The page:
Multidimensional Skill Mismatch
What determines the earnings of a worker relative to his peers in the same occupation? What makes a worker fail in one occupation but succeed in another? More broadly, what are the factors that determine the productivity of a worker-occupation match? In this paper, we propose an empirical measure of skill mismatch for a worker-occupation match, which sheds light on these questions. This measure is based on the discrepancy between the portfolio of skills required by an occupation (for performing the tasks that produce output) and the portfolio of abilities possessed by a worker for learning those skills. This measure arises naturally in a dynamic model of occupational choice with multidimensional skills and Bayesian learning about one's ability to learn these skills. In this model, mismatch is central to the career outcomes of workers: it reduces the returns to occupational tenure, and it predicts occupational switching behavior. We construct our empirical analog by combining data from the Armed Services Vocational Aptitude Battery (ASVAB), O*NET, and National Longitudinal Survey of Youth 1979 (NLSY79). Our empirical results show that the effects of mismatch on wages are large and persistent: mismatch in occupations held early in life has a strong effect on wages in future occupations. Skill mismatch also significantly increases the probability of an occupational switch and predicts its direction in the skill space. These results provide fresh evidence on the importance of skill mismatch for the job search process.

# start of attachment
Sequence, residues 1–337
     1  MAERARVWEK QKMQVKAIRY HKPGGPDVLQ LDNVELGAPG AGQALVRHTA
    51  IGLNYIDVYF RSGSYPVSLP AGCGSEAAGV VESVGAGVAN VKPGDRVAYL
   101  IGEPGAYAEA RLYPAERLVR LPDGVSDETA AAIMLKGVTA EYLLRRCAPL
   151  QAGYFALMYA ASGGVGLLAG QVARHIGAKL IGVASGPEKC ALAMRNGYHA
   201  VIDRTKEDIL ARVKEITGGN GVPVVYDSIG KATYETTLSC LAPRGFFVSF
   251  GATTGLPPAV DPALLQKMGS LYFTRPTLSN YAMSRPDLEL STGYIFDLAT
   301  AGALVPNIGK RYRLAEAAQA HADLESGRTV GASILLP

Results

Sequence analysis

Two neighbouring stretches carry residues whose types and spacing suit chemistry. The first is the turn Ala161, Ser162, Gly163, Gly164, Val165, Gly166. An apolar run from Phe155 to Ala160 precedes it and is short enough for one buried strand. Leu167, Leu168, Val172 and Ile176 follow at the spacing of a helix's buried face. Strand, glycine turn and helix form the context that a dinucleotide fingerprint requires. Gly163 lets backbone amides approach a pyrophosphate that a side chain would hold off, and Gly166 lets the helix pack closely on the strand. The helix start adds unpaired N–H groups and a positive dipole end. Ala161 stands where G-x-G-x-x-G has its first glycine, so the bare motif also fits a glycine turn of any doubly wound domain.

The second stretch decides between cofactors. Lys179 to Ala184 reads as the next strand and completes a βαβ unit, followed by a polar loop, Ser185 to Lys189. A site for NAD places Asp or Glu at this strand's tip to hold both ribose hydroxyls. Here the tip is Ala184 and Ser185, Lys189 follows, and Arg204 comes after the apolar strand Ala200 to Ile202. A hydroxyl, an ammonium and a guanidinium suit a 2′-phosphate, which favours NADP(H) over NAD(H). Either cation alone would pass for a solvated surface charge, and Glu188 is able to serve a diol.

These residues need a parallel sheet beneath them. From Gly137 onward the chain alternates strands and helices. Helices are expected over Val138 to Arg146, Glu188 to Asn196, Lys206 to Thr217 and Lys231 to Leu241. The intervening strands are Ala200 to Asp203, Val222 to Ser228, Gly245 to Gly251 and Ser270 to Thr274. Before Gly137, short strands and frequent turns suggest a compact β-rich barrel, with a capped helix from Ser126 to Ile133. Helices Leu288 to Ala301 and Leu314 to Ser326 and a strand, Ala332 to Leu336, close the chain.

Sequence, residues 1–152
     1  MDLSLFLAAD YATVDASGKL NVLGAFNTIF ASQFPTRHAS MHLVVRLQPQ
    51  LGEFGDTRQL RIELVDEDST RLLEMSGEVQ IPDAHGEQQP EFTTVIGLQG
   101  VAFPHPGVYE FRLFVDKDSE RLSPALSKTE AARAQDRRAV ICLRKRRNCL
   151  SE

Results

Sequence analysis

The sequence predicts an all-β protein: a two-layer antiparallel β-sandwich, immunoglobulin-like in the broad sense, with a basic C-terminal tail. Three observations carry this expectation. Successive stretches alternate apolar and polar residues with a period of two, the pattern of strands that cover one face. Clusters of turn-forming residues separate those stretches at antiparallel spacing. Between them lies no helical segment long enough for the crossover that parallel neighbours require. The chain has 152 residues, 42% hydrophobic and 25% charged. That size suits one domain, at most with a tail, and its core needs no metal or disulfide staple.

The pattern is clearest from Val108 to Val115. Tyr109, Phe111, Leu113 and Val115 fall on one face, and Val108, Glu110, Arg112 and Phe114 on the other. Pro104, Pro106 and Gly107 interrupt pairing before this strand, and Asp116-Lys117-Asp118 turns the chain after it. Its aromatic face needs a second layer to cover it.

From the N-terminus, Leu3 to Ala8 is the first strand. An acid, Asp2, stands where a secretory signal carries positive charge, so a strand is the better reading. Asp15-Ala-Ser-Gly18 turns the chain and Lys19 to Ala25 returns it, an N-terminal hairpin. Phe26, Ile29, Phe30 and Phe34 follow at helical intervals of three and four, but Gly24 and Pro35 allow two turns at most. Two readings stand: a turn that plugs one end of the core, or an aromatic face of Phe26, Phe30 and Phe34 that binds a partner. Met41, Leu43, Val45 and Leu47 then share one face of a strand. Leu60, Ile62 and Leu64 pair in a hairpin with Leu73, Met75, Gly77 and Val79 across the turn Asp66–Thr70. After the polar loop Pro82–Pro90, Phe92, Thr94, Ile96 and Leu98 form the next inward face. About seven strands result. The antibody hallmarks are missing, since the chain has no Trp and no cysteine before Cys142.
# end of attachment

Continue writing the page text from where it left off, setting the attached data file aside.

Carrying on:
Document Object Identifier (DOI): 10.3386/w21376
Published: Faith Guvenen & Burhan Kuruscu & Satoshi Tanaka & David Wiczer, 2015. "Multidimensional Skill Mismatch," Federal Reserve Bank of St. Louis, Working Papers, vol 2015(022).
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